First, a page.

Take Jibu, for example, a clean water franchise business in East Africa, conceived by brothers Galen and Randy Welsch as a better way to tackle the problem of affordable access to safe, clean drinking water. Its ingenious business model equips local franchisees with advanced, solar-powered filtration equipment that can clean locally sourced water and make it available at a fraction of the price of other bottled water – each franchise effectively becoming a water purification plant for the surrounding community.

More than the question of affordability, the structuring of the business as a franchise also neatly addresses the problem of sustainability (in terms of long-term viability). Whereas donor-funded water schemes often suffer from a lack of local ownership – as a consequence of which, around half of them fail within a couple of years – every Jibu franchise is run by a member of the community it serves.

This puts the very people who benefit from the service in charge of running it, combining their need for clean water with their desire to control their own destinies and build a more prosperous future for their families. It’s a virtuous circle that should see the growth of the business not only provide permanent access to safe water for more than a million people by 2020, but also create 8,000 jobs, in turn providing 8,000 families with a decent and reliable income.

What makes stories like Jibu’s more compelling still is the fact that, more often than not, social entrepreneurs are achieving this kind of success against a backdrop of massive resource constraints. These are master hackers, and you have to wonder what might be achievable if big business took the time to observe, draw inspiration and reverse innovate from their approaches.

Of course, encouraging business-at-large to do so is precisely the purpose behind searching for (and hopefully finding) that more beautiful question in the first place.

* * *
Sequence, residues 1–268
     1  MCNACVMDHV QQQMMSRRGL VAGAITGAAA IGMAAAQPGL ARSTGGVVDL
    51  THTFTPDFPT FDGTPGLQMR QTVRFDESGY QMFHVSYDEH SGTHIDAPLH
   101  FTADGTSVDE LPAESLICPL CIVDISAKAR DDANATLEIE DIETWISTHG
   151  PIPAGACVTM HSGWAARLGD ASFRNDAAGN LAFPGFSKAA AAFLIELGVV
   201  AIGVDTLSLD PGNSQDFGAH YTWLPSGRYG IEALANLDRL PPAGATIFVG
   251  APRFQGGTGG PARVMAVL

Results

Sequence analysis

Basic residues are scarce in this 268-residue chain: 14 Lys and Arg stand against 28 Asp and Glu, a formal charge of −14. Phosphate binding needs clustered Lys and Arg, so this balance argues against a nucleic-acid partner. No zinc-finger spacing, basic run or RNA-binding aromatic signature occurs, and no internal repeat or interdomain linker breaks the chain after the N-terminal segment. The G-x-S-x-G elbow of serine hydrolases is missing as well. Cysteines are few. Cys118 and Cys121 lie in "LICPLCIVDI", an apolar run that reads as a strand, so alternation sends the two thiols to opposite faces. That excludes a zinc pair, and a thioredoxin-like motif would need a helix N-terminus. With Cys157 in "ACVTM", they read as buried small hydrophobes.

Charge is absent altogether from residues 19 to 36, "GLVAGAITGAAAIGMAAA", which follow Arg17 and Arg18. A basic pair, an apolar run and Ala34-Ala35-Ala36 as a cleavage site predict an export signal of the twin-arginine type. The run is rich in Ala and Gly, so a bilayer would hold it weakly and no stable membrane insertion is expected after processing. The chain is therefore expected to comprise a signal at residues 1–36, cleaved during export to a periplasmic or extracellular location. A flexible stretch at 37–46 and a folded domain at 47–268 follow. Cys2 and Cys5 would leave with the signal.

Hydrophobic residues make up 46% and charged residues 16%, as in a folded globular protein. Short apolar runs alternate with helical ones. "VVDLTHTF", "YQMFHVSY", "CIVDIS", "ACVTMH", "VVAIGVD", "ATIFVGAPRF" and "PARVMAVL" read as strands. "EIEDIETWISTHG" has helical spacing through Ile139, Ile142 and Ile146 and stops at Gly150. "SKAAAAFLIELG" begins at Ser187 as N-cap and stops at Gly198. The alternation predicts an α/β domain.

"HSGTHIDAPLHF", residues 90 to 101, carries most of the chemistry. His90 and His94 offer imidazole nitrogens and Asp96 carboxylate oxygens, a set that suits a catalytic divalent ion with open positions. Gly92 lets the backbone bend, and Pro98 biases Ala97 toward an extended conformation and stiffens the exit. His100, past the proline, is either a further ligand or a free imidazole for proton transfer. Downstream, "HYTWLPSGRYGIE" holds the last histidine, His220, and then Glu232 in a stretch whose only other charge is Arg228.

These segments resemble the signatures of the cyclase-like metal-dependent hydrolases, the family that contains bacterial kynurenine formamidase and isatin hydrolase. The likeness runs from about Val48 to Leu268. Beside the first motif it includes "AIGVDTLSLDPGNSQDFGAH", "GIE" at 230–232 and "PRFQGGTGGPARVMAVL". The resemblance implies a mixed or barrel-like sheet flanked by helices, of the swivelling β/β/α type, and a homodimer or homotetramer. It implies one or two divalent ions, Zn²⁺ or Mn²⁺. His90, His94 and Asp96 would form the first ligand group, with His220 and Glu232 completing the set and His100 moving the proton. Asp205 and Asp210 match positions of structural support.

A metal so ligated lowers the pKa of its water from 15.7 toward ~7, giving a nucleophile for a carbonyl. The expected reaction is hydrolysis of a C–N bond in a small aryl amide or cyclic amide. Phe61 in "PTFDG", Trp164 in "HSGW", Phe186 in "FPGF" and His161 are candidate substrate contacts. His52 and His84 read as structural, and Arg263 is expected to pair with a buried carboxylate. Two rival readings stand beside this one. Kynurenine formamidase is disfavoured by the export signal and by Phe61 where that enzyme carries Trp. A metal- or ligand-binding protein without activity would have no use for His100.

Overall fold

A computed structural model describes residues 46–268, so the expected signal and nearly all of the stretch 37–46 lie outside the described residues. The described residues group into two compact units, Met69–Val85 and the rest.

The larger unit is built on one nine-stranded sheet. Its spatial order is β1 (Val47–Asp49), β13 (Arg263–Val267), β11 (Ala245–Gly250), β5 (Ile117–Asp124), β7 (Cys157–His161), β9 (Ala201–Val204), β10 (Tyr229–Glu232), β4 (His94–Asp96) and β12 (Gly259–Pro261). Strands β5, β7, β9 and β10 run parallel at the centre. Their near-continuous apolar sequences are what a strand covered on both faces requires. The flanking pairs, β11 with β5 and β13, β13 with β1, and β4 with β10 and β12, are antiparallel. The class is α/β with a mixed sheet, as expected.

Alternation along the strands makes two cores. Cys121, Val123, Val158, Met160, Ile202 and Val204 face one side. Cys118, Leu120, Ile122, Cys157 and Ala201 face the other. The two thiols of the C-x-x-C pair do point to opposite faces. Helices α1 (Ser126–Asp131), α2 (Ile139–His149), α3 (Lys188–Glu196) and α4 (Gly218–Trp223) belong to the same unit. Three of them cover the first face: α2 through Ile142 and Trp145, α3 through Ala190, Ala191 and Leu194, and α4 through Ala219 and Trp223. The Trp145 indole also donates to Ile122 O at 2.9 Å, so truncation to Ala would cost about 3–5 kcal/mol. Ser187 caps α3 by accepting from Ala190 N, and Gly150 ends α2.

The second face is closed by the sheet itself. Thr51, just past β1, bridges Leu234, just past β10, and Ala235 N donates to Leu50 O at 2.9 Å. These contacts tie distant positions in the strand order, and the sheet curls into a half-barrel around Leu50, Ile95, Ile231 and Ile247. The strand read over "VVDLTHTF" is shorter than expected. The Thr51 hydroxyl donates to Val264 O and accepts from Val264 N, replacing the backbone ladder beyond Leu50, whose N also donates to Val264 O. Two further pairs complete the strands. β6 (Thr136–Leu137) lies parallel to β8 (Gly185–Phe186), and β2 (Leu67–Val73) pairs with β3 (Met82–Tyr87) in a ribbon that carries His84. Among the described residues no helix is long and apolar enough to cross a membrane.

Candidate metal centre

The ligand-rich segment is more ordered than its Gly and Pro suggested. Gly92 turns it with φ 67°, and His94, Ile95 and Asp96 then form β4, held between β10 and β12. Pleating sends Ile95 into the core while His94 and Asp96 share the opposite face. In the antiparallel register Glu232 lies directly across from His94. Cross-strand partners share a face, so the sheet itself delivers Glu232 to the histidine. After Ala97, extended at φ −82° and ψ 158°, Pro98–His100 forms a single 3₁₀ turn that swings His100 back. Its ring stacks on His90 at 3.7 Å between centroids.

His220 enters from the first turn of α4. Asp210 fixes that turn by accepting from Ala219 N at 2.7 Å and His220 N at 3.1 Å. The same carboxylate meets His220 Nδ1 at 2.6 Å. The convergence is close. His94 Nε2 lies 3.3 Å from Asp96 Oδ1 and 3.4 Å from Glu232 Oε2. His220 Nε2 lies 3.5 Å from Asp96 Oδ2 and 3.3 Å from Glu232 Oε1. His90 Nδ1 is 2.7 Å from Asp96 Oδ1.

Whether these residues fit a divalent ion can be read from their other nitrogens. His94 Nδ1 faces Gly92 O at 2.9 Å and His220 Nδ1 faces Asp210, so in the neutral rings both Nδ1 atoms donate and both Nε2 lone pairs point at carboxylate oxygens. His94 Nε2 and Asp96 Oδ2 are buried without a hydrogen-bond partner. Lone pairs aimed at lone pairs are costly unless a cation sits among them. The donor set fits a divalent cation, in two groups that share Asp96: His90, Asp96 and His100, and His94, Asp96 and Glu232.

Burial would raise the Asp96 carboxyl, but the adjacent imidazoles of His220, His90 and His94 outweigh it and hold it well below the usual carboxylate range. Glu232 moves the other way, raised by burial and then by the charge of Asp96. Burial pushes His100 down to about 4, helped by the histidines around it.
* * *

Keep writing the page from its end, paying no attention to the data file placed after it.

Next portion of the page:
Building a better working world

A lot has been written here and elsewhere about the concept of “thick”/shared value – the reconnection of business strategy to delivering social progress.

As I wrote on the Guardian’s Sustainable Business blog a few months back, business must now operate within a completely different set of frame conditions, encompassing the combined forces not only of climate change, population growth and diminishing natural resources, but also (among others) the ascent of Generation Y and increased public scrutiny in the wake of the financial crisis.

To achieve longevity, business needs to recognise these seismic shifts and re-imagine them, not as constraints on business as usual, but as the perfect opportunity to reconnect with disillusioned customers and employees by designing something better.

More than ever before, the business that wants to achieve long-term success must earth itself in a sure sense of why it exists, what it stands for, and why it matters (beyond making money). And that purpose should be self-evident in the very products and services it provides, how it organises itself, and how it conducts its daily business.

In short…

  • Purpose is the key to creating shared value – not some warm and woolly expression of values, but the ‘north star’ around which to build a strategy for enduring growth, based on improving people’s lives.
  • Purpose is the only sustainable way to recruit, unite and motivate all the people a business touches because – while business models may come and go – it’s that essential ‘reason for being’ that remains constant.
  • And it’s purpose (IMNSHO) that now represents the most powerful lever business leaders can pull to achieve competitive advantage – the single best way to demonstrate relevance in an ever changing world, and to build deeper, more lasting relationships with customers and employees who share your beliefs in their very bones.